Supreme Court Rejects American Flag Student Speech CaseGreg Stohr
The U.S. Supreme Court rejected an appeal from white high school students who sued after an assistant principal asked them to turn their American flag T-shirts inside-out to prevent fights from breaking out on Cinco de Mayo.
The justices left intact a lower court ruling that said officials at Live Oak High School in northern California had justifiable safety concerns and didn’t violate the students’ free speech rights.
The case tested what has proven to be a tricky balance between school security and the First Amendment. Live Oak officials said they had reason to worry about ethnic and gang violence at the school-sanctioned Cinco de Mayo celebration in 2010. The suing students said they shouldn’t pay the price for the possibility that others would react negatively toward their clothing.
A year earlier Cinco de Mayo, which celebrates Mexican culture, was marred at the school by an altercation between white and Hispanic students over the display of an American flag. The school’s assistant principal, Miguel Rodriguez, acted in 2010 after hearing from students that more trouble was brewing.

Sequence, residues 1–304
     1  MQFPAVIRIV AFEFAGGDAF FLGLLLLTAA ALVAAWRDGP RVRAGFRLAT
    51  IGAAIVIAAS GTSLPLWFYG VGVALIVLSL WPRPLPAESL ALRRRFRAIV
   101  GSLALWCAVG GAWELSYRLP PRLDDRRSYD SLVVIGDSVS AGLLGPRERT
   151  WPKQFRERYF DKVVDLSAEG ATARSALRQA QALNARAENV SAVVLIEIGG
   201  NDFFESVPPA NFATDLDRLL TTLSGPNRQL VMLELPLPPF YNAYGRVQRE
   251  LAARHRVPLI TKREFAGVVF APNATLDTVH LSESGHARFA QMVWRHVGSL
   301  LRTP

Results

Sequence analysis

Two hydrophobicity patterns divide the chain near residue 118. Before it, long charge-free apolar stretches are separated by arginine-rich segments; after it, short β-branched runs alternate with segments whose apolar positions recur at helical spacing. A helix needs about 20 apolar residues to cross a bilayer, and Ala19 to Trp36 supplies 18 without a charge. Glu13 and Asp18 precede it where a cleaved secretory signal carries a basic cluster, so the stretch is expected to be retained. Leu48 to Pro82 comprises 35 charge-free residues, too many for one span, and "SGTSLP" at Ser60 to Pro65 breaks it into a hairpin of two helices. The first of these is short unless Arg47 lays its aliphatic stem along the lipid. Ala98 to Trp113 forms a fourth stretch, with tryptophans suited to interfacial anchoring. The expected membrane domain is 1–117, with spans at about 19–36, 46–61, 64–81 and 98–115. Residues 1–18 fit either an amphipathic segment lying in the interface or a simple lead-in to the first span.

School officials met with five students who were wearing American flags on their clothing, along with their parents. Two were allowed to return to class because their flags weren’t prominent. Three chose to go home for the day rather than turn their shirts inside-out.
Parents of three of the students -- Matt Dariano, Dominic Maciel and Daniel Galli -- later sued.
In dismissing the suit, a three-judge panel of a San Francisco-based federal appeals court said the response by school officials was “tailored to avert violence and focused on student safety.”
The ruling prompted another judge on that court, Diarmuid O’Scannlain, to call for reconsideration. He said the ruling was “condoning the suppression of free speech by some students because other students might have reacted violently.”
Although the Supreme Court ruled in 1969 that free speech rights don’t evaporate “at the schoolhouse gate,” later rulings have said students don’t always get the same protections that adults enjoy.
In a 2007 case involving a student who hoisted a banner declaring “Bong Hits 4 Jesus,” the court said schools have broad power to curtail expression that might undermine their anti-drug messages.
The case is Dariano v. Morgan Hill Unified School District, 14-720.